#13

Back in the spring and summer of 1981 I was a (supposedly) invincible 18-year-old and working as a lot attendant/car jockey for a Jaguar-Rover-Triumph-MG-Saab-Fiat dealership in Calgary, AB Canada. Got to drive some very fine and expensive junk, as well as a few classics - a rather prestigious consolation prize to make up for my $5/hr wage. The TR8s at around $14000 (Canadian) were a blast and just felt tighter than the $10,500 TR7s. Come to think of it, so did just about everything else, Fiats notwithstanding. Anyway, while doing a turn-and-burn in Winnipeg (out-bound from Calgary by Greyhound bus, return leg by new TR7 convertible - white with a yellow and black stripe - that the dealership in Calgary had a sucker er, buyer for and needed back in Calgary the following day) I pushed my luck and tried to drive straight through on a diet of coffee and cat-naps. The result was as predictable as the strategy was incredibly stupid. I rolled that sucker at around 70 mph at 5am near Maple Creek Saskatchewan. No seatbelts, and walked away (actually ran away - I’d seen too many 1970s tv shows to believe anything other than the myth that all cars rolled at high speed blow up mere seconds after coming to a stop) with a few scratches. The car was a complete write-off, with seemingly no facet of its door-wedge shape unscathed. Lucky I didn’t kill myself, and even luckier I didn’t injure or kill anyone else. Somehow did not lose my job over this, and for the longest time I felt terrible about destroying that car. But as the years went by and the TR7s ultra-lemon status became more apparent to the entire world I began to feel like I’d done the world a favor. That wreck represented one more P.O.S. that was NEVER going change hands multiple times and saddle a string of would-be owners with the type of buyers remorse that makes people wish they’d bought a Pinto instead.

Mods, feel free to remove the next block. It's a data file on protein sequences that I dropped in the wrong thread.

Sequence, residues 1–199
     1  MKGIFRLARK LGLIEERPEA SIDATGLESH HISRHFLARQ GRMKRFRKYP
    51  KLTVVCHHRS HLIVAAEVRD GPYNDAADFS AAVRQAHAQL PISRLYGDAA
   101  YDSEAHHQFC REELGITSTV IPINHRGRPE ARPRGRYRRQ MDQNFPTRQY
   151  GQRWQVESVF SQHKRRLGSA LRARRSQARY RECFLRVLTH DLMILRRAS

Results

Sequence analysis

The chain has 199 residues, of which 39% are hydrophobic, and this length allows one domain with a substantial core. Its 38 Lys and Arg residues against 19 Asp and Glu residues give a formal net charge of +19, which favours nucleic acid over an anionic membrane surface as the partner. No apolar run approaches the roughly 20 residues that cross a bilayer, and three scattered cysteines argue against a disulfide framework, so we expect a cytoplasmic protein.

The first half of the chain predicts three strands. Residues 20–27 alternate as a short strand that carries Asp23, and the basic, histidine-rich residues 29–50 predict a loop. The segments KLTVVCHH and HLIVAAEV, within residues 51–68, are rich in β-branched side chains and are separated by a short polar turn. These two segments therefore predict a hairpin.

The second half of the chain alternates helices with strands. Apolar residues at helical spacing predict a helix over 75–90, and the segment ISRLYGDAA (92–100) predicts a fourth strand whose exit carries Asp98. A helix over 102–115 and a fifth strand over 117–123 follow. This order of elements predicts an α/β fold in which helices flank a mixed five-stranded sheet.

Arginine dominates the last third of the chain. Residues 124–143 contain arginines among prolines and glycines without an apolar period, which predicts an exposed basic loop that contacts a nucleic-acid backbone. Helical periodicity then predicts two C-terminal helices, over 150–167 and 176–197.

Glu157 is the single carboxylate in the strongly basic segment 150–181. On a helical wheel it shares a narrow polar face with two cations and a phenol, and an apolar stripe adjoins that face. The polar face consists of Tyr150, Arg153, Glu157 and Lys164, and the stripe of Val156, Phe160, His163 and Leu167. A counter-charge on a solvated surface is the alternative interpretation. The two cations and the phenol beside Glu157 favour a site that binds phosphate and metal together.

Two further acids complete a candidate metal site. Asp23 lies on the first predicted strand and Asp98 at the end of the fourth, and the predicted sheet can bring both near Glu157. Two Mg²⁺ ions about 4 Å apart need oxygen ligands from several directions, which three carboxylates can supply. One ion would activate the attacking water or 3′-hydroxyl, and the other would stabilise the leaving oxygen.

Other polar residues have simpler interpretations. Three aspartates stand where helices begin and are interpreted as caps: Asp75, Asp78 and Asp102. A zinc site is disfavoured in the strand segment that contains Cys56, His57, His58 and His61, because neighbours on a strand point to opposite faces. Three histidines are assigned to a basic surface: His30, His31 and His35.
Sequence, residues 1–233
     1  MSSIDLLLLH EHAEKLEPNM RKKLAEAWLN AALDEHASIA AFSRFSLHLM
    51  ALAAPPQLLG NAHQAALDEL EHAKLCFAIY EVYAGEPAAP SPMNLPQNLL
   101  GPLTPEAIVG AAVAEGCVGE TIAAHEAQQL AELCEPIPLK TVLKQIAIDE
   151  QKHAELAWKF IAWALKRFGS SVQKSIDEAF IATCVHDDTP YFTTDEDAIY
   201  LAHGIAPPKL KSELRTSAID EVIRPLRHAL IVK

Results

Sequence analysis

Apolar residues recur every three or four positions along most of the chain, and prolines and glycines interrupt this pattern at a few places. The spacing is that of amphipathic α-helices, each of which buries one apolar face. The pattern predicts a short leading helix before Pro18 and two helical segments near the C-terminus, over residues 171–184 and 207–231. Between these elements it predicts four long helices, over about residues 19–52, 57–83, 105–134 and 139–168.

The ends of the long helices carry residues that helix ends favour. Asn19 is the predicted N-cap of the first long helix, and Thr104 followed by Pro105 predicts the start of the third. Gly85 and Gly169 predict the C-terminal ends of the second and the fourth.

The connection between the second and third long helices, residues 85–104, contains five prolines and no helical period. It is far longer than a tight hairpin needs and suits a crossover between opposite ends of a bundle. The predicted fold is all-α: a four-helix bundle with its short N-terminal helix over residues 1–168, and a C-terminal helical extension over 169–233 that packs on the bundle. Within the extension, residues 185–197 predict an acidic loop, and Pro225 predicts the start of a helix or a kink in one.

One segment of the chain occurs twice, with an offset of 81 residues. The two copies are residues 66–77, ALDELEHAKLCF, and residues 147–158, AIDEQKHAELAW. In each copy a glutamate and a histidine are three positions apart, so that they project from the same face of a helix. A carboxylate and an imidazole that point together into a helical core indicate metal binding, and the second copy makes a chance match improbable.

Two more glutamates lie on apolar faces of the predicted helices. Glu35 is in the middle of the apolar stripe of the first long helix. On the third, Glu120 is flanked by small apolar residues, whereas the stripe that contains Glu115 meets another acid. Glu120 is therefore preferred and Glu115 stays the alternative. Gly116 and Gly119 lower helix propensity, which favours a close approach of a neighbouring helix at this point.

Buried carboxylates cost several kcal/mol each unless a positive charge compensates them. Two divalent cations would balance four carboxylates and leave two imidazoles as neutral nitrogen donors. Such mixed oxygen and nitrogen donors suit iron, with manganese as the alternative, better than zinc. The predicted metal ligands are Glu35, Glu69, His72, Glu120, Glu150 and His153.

#14

Over the years I have had a TR4 a TR4A a Spitfire and a Austin Healy Sprite, all were fun,only electric problem i ever had was starters. I climbed Picks peak in the Spitfire.Drove from San Diego to Oregon with no repairs in the TR4.You don’t drive a old British car for retail value , You drive them for the Fun of it.anyone who has ever driven one can bitch and complain,all they want. But it was still FUN


#15

@EarlDuke
Roger,
Please note that I DID drive a 7… essentially head-to-head with some contemporaries. It was a failure. If you’re happy with your 8…outstanding. That’s what all of us ultimately are after with our four-wheel hobby. And I have to think the 8 cured the lack of performance of the 7 to a degree. But the article and this thread was about the 7. And even then, maybe it’s you who should consider driving some alternatives.


#16